Harris said Vaughn was “a health nerd” with no connection to politics.
Moore denied that the Centene connection could pose a conflict of interest.
“Dr. Page didn’t hire his wife, he hired Cal,” Moore said.
Harris was also a co-founder of a lobbying firm, Pine Street Strategies, with former Democratic state Rep. Don Calloway of St. Louis. The Washington, DC-based company has lobbied for clients including Anheuser-Busch InBev and the National Bankers Association.
Harris said he cut all ties with the company in 2019 before going to work for the City of Baltimore.
Harris received a Bachelor of Arts from Morehouse College and a Masters in Public Policy from the Heller School of Social Policy and Management at Brandeis University. His starting salary as Page’s chief of staff will be $156,000.
Lewis, the county’s new chief administrative officer, is a board member of the nonprofit St. Louis Area Resources for Community and Human Services and a member of the Annie Malone Historical Society.
She was previously vice president of human resources for People’s Health Centers, consultant at Gateway Management Group, and director of human resources and diversity for Office Depot. His starting salary for the county will be $135,012.
Aroesty, director of the administration department, will receive a salary of $129,064.
In a statement, Page said he was “delighted to welcome” the three new recruits.
“Each of them has a unique skill set and tremendous abilities that will add to the strong team we have built to lead county government through 2022 and beyond,” Page said.
Calvert and Nelson are the latest senior county officials to leave Page’s administration in the past seven months.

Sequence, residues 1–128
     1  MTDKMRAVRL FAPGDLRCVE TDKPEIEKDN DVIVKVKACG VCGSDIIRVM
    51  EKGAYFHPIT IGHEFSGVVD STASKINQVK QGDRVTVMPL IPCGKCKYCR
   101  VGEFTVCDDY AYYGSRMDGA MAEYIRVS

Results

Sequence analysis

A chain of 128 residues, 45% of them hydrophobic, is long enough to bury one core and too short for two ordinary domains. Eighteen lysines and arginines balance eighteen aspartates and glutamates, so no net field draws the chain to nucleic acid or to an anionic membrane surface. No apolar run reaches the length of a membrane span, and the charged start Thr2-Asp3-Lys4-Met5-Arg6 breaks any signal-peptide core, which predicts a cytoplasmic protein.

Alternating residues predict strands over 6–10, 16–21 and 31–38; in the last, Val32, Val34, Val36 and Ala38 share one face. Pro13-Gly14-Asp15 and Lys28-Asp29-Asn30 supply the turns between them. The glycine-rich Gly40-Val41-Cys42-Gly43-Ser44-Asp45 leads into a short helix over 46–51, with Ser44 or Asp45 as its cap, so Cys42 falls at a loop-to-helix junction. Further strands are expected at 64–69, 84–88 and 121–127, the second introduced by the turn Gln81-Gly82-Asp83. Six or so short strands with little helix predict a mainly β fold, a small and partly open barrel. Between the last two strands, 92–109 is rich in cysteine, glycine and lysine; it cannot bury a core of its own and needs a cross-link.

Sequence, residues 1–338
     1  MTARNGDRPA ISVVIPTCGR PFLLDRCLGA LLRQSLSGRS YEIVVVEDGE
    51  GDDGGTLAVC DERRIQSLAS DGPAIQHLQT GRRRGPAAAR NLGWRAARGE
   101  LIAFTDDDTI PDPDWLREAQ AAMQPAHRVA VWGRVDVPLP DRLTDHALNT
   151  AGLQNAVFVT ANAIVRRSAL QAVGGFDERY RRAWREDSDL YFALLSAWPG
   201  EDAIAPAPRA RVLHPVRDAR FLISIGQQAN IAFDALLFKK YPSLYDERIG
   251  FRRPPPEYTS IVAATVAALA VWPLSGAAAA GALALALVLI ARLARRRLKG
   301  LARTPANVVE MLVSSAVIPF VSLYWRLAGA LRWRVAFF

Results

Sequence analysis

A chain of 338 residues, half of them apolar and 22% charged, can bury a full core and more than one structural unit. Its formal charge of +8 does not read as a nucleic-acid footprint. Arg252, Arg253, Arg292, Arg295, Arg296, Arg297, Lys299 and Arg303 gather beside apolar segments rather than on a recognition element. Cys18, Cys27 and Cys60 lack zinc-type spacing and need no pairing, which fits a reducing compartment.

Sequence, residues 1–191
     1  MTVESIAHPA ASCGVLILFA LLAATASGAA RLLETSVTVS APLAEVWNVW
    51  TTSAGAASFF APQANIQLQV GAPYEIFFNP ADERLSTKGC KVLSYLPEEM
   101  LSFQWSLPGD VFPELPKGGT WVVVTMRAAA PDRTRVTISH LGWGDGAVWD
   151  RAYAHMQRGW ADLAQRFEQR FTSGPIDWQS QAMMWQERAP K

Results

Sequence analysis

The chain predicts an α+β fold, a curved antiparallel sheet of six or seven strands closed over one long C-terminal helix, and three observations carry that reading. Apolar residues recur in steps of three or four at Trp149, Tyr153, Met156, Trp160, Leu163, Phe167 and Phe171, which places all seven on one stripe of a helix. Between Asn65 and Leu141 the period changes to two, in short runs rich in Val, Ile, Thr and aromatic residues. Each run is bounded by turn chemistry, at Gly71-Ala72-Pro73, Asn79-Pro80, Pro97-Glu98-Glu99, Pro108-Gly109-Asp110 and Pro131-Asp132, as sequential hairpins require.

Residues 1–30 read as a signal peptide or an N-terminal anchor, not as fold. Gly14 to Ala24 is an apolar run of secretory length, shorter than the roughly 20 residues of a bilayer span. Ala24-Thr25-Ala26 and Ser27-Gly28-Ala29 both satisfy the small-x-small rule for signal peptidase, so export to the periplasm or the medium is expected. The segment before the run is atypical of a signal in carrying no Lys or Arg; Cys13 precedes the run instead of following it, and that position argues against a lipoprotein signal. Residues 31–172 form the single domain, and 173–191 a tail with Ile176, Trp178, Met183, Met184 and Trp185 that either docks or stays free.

Mike Chapman, a former chief operating officer, left administration in July to become deputy director of the St. Louis County Housing Authority. Venker assumed Chapman’s former responsibilities seeing most county departments, Moore said Monday.
Chapman followed another senior page, former deputy director of social services Shannon Koenig, to the authority. Koenig left Page’s administration in January 2021 to replace longtime authority director Susan Rollins, who retired.
Gerard Hollins, a former chief revenue officer, left in October to work for Green Street, a Clayton-based property company. Hollins assistant Erica Savage has since served as the department’s acting director.
Andrea Jackson-Jennings, who had been director of the Department of Social Services since 2011, left the county in September to lead the Regional Response Team, a coalition of nonprofit organizations. She was replaced by Howard Hayes, former director of the St. Louis Agency on Training and Employment.
Yusef Scoggin, the department’s former director of family and community services, left in October to become director of social services for the city of St. Louis.
Each case was an official deciding for themselves whether to pursue other opportunities, Moore said.
“Dr. Page certainly didn’t ask any of those people to leave and he was very happy about that,” Moore said. “But they saw other opportunities that they wanted to pursue, and he fully supported that. “